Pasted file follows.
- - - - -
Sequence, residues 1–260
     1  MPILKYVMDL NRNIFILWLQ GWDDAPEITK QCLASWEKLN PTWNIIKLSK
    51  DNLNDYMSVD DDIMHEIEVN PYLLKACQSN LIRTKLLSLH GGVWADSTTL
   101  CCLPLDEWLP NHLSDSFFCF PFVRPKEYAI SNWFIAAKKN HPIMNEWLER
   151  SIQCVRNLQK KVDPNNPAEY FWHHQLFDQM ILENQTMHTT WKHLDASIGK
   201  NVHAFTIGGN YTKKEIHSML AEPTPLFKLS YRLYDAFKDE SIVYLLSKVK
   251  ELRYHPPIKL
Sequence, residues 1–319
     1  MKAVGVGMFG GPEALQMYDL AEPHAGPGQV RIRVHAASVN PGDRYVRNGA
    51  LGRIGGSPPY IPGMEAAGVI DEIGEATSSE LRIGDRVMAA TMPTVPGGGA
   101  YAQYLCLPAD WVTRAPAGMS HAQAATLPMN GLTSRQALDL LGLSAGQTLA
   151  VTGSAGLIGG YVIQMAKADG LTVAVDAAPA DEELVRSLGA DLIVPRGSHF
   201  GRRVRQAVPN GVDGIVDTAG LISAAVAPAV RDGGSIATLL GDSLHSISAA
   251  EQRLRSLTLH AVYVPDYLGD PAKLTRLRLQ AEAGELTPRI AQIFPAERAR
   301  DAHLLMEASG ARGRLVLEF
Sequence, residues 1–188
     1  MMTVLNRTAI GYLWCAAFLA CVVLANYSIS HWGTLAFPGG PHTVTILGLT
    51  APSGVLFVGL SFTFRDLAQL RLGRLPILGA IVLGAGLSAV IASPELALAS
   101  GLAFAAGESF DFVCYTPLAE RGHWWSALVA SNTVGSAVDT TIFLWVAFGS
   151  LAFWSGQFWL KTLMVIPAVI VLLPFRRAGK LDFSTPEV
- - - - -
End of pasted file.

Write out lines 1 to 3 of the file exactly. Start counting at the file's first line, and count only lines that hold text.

Sequence, residues 1–260
     1  MPILKYVMDL NRNIFILWLQ GWDDAPEITK QCLASWEKLN PTWNIIKLSK
    51  DNLNDYMSVD DDIMHEIEVN PYLLKACQSN LIRTKLLSLH GGVWADSTTL